Stepping onto the Historic Stewart Farm is like whizzing back to a simpler time, so much so that’s it’s like the Pioneers that called this historic site home dropped everything, hopped in their horse drawn buggy, and fled.
One of the most interesting parts of the farm is the garden, which has been maintained by staff and volunteers who grow only the plants that could have been grown by the Stewarts themselves! The garden houses living heirlooms that are open pollinated, organic, non-GMO, and if they could talk, the stories they could tell would be amazing! Seedy Saturday, an annual event happening each April, is a celebration of these seeds, and an opportunity to trade and purchase them, so they can continue to grow and spread their stories. Aside from their historic significance and agricultural science, there’s a lot more to these seeds than meets the eye.
“Seedy Saturday at the farm is one of our most anticipated events,” explains Jerrilin Spence, curator at the site.“This is when our farm’s gardeners open up their treasury of flower, vegetable and herb seeds saved from the Stewart Farm’s heirloom gardens, some dating back to 1890!”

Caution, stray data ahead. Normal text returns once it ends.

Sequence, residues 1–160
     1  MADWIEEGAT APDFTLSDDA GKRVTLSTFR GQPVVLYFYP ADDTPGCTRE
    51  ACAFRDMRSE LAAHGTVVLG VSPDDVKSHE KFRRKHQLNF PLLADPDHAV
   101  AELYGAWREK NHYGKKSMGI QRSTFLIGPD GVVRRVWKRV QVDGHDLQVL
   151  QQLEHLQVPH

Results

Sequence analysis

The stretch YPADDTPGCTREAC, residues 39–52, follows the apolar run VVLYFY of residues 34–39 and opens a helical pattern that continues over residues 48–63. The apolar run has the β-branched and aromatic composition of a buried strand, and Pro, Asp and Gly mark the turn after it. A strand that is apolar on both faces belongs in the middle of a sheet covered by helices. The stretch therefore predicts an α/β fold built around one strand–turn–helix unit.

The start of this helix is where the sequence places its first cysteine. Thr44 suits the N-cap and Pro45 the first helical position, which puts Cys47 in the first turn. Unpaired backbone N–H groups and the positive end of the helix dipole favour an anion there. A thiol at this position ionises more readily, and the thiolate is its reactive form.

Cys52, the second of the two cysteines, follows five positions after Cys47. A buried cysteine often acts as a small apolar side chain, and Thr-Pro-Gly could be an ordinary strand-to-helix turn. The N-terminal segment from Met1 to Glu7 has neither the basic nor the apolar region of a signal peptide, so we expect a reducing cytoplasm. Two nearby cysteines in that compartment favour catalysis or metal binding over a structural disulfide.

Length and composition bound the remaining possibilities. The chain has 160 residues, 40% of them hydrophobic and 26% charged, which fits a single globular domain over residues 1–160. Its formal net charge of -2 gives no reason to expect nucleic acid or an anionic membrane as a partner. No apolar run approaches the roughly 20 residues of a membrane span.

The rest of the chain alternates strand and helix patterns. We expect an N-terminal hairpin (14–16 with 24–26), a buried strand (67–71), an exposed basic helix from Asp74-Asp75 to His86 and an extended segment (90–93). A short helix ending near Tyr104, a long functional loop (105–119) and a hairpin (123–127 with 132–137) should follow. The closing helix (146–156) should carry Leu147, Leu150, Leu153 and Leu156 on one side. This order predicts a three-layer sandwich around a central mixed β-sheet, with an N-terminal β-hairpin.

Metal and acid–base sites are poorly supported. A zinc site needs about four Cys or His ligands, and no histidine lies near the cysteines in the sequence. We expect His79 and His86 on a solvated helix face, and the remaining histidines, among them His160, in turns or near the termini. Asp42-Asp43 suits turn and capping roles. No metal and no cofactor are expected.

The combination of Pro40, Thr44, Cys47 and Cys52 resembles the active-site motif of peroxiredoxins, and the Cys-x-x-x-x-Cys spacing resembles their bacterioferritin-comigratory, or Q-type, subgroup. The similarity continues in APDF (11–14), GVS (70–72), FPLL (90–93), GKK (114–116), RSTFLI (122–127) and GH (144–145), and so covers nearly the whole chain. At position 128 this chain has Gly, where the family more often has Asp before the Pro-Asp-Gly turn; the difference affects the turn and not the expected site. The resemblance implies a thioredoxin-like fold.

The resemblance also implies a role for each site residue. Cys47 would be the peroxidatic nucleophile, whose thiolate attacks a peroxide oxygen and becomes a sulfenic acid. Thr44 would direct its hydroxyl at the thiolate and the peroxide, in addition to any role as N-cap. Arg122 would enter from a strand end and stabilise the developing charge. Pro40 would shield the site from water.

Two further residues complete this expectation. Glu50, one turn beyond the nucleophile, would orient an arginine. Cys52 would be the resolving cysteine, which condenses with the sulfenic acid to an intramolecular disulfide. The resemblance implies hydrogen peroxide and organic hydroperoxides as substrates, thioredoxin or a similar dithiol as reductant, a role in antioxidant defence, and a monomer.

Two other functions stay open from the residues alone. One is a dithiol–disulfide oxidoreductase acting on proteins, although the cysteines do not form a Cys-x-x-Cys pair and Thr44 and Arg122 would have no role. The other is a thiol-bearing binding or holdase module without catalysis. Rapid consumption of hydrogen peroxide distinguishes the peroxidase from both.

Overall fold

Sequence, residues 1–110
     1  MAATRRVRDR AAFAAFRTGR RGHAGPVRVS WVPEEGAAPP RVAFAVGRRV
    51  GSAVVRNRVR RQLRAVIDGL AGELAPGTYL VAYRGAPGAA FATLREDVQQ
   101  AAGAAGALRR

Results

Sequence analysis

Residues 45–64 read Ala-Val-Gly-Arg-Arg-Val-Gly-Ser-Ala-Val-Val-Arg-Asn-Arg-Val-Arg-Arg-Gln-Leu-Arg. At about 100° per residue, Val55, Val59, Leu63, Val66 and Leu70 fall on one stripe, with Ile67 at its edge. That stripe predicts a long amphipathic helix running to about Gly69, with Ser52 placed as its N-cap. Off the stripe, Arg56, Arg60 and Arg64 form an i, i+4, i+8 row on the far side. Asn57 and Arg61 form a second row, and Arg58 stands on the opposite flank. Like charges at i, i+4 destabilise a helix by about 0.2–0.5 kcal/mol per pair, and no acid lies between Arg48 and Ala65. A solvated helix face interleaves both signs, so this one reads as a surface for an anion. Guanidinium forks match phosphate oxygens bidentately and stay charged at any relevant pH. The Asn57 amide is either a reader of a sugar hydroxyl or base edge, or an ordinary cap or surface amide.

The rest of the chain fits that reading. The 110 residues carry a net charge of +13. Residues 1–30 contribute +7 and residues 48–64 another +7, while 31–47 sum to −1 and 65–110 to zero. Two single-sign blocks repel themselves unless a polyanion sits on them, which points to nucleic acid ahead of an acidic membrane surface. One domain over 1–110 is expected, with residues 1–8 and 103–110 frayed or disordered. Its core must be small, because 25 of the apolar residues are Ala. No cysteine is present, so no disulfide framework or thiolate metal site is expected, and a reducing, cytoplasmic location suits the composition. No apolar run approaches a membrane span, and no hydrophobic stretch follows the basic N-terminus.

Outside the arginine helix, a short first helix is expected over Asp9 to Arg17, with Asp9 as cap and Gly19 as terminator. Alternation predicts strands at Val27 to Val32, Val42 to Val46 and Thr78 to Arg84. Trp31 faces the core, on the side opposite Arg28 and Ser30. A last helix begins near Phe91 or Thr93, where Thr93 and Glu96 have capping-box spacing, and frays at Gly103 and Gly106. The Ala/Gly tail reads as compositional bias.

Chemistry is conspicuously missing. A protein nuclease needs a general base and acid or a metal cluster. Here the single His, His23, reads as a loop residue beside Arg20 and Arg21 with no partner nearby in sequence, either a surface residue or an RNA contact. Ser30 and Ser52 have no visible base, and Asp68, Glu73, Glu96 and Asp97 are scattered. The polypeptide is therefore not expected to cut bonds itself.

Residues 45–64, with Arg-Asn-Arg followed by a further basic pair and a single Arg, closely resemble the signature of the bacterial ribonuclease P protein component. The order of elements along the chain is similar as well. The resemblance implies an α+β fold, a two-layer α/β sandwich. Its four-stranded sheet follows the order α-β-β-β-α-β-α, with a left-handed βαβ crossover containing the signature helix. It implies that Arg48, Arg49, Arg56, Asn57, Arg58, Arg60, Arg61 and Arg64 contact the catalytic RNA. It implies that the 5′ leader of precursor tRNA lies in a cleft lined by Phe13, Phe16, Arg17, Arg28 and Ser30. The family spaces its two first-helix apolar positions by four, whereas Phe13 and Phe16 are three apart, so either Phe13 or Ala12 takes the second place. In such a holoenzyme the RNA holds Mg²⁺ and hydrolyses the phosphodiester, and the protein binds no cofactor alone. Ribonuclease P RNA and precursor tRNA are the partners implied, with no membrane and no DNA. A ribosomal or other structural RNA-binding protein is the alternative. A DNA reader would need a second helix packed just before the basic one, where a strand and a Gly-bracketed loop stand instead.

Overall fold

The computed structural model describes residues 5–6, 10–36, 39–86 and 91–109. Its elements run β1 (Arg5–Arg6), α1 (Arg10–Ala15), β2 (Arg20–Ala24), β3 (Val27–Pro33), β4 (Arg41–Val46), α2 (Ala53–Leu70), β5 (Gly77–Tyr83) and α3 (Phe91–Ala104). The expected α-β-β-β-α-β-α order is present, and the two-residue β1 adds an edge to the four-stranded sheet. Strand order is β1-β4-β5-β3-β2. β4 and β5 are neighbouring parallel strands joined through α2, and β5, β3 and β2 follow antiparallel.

Gardening today is a wonderful hobby, it’s a way to enjoy the great outdoors and feel the earth under your fingernails, but for the Stewarts, gardening was their sustenance. It was their way of securing their survival. They poured over their fields, tended their soil and preserved the fruits of their labour in the root cellar so they could make it though the Winter. There may have been a few blooms in the garden, but for the most part gardening wasn’t for pleasure, it was an absolute necessity. For all of the uncertainty that pioneer life brought, they knew that they would be able to eat everyday because of their trusty seeds.
Grow your own green thumb with a countertop gardening presentation from ‘Gardenpreneur’ Shelly Levis at 12:30pm at the Stewart Hall.
**Photo courtesy of the Historic Stewart Farm